Growing up, he was never at my cricket games. He was not there when I won the debate competition in tenth grade. He sometimes attended parent-teacher conferences. When I went to university, he did not visit me until graduation day. It wasn’t the flight money that was the issue. My father was a wealthy man and he afforded us some of life’s best luxuries. It was that my father always prioritized work and social life before family life. It’s a trend that a lot of my friends have also faced in their families.
I grew up in Mumbai, India. My father owned a well-run, well-managed jewelry business. Growing up, I had no lack of the best toys, the coolest video games, and the trendiest clothes. As a kid that was the dream. I remember very clearly that for my eighth birthday, my father went on a business trip to Singapore and brought back decks of Pokemon cards! What late nineties, eight-year-old kid wouldn’t love that?! My father loved all of his children. A lot. That much we know. Whenever he went on a trip he brought chocolates for me and my sisters. He brought whatever list of things my sisters gave him. My mother used to say that because my father grew up in relative poverty, he didn’t want his children to lack anything. So he gave us what he wanted when he wanted. It was his way of showing his affection for us. Buying us things.
His best gift to us was putting us through the best education money could buy in Mumbai. We went to a private school, one that prepped us for college in North America and the UK. His efforts and the education he allowed us to have enabled us to attend world-renowned universities (which he also financed) and allowed us to lead the successful lives we live now. Both my sisters were Oxford graduates who are now doctors. I went to Berkeley and now work in big tech as an engineer for a Silicon Valley software company. My father was directly responsible for this success.
As grateful as I am for having a father that provided us so much, when I look at my sisters and their husbands, it makes me jealous to see how involved they are in their children’s lives. My nieces and nephews have fathers that ask them about their days at school, what they did if they were having any issues or not. I’ve seen my nephew talk openly to his dad about a crush he had in school. I watched how my brother in law advised his son to ask the girl if she felt the same way and be respectful when he popped the question. When I liked a girl at school, talking to my dad about it was the last thing on my mind. I feared the awkwardness of the situation let alone backlash I was sure to receive from going against my family’s conservative values. During the rare dinners when my father actually had dinner with us (he would often miss dinners because he was out most days until 10 pm), he only asked me how my studies were going at school. I usually replied by saying they were fine. When I brought home the report cards and it showed As and A stars, he was fine with those too.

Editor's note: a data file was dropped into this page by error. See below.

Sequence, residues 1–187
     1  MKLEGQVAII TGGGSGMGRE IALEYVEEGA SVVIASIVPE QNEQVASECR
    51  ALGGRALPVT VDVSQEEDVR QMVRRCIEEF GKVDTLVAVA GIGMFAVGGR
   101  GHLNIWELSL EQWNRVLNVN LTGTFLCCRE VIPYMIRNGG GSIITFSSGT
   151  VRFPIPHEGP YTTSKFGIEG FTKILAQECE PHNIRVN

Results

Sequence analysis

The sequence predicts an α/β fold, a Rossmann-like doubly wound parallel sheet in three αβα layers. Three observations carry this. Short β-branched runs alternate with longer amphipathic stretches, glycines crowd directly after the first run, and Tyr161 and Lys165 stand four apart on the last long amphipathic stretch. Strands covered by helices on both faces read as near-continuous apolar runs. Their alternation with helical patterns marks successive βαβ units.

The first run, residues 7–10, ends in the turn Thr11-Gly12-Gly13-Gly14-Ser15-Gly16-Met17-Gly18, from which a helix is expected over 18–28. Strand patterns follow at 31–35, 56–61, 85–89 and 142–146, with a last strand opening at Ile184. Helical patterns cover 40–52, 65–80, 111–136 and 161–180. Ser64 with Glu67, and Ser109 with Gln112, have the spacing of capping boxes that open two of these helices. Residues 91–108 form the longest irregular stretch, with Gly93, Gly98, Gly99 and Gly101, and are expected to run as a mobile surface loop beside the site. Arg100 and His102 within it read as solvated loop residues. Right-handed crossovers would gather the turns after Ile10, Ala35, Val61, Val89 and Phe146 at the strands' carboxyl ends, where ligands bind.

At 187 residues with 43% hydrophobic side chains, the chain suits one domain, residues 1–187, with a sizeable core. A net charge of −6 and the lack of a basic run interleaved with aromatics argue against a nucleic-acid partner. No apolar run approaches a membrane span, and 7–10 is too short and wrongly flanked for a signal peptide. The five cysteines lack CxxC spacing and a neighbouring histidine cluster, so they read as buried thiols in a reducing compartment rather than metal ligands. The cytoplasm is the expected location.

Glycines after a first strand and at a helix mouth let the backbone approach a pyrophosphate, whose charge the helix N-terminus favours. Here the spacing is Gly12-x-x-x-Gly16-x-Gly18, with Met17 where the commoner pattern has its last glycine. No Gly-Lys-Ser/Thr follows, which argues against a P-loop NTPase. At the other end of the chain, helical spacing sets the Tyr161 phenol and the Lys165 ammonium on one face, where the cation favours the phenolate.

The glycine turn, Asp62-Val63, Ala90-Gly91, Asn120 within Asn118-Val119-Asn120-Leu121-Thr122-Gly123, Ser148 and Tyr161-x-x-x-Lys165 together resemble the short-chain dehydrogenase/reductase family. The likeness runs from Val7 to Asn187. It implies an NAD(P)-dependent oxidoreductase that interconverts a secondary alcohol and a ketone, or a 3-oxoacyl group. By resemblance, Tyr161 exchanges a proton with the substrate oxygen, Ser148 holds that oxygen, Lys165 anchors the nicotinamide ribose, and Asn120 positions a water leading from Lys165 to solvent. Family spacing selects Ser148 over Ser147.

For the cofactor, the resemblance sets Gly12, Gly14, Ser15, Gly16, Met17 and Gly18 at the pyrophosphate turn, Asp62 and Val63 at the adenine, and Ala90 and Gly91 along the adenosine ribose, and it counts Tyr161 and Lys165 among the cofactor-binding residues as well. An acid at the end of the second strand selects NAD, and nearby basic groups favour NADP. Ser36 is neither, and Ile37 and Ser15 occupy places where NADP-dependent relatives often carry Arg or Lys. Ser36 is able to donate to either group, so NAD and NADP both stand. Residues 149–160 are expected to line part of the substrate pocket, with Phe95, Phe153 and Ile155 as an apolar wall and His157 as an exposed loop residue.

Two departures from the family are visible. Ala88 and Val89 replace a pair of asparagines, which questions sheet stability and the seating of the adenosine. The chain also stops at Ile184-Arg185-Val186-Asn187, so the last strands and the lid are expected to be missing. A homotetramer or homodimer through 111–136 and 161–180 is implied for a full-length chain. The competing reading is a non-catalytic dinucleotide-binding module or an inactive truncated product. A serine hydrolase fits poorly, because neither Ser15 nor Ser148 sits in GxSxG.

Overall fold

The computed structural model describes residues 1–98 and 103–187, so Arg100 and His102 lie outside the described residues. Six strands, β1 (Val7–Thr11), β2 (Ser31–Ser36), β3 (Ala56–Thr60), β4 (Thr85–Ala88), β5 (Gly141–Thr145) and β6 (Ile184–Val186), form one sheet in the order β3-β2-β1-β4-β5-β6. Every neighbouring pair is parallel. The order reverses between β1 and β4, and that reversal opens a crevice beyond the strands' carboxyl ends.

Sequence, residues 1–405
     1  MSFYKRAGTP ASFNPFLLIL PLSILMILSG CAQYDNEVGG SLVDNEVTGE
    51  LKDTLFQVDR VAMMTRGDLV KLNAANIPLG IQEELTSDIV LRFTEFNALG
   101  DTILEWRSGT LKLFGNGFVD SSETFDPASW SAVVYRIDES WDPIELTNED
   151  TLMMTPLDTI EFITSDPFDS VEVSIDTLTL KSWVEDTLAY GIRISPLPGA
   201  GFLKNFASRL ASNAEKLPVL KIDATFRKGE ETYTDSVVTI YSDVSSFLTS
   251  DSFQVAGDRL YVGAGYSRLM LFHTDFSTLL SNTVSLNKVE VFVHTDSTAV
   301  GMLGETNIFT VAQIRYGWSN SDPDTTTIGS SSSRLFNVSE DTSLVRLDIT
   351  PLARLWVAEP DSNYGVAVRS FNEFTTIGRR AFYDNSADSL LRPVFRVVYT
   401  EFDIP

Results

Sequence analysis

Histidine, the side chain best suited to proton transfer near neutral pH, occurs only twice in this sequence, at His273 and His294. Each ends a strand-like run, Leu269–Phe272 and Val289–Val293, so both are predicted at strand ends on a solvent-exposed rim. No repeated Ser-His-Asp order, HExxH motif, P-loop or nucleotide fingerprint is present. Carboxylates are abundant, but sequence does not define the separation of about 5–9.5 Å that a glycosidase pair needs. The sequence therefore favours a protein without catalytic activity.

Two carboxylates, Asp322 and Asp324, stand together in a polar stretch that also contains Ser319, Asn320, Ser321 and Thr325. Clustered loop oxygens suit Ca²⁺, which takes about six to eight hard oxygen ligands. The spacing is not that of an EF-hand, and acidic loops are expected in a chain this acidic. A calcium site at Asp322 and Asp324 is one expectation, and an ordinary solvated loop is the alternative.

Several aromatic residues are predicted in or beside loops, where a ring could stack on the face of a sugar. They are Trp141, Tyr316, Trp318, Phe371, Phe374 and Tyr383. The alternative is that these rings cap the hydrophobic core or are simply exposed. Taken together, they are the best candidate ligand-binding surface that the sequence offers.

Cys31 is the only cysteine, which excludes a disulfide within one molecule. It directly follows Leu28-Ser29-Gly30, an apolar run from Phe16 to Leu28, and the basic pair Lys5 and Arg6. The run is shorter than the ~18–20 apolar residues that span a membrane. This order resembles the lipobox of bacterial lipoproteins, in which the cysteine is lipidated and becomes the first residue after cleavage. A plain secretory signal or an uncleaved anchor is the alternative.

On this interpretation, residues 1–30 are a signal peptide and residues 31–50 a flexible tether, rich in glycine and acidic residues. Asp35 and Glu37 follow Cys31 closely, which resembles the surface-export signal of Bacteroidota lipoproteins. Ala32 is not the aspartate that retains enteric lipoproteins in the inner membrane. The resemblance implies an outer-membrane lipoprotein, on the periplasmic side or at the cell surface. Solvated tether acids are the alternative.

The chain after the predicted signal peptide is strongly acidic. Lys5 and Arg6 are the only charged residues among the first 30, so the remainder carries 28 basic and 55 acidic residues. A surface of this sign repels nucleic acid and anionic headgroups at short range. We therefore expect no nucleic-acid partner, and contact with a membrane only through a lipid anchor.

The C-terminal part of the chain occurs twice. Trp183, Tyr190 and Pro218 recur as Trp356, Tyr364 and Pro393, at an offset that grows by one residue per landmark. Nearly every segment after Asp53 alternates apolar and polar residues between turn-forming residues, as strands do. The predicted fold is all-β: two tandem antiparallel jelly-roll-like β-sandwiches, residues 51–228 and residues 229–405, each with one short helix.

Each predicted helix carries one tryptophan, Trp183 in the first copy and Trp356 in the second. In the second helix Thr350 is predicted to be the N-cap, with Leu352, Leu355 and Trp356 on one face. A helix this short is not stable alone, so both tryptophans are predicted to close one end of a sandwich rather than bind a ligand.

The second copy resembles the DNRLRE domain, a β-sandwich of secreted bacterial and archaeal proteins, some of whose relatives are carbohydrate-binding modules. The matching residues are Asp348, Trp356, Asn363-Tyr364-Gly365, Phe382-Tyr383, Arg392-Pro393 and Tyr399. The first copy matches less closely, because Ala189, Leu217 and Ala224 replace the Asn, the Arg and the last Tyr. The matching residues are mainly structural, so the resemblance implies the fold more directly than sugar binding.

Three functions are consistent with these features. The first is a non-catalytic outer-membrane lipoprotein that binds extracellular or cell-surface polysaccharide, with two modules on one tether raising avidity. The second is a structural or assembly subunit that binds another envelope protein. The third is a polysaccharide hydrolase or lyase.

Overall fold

In hindsight, my father’s lack of involvement in my life affected me profoundly. I was never able to ask my father (or my mother) the deeply personal questions I needed to ask him. I couldn’t tell them about the girl I liked in my school. Talking about sex and how to do it safely was firmly taboo. I wish I could have talked to him about my insecurities about pursuing an engineering degree (something that was the best for me) versus pursuing English Literature (something I loved). The inner child in me still wishes I could come home every day after school and get a hug from my father. I wish he would have played cricket with me after school. I wish he would have attended those games, and watched me score the winning runs, and then told me how proud he was of me. I am grateful for how he loved us. However, his hands-off approach to family life gave me a sense of loss in my childhood that I still carry as a burden today.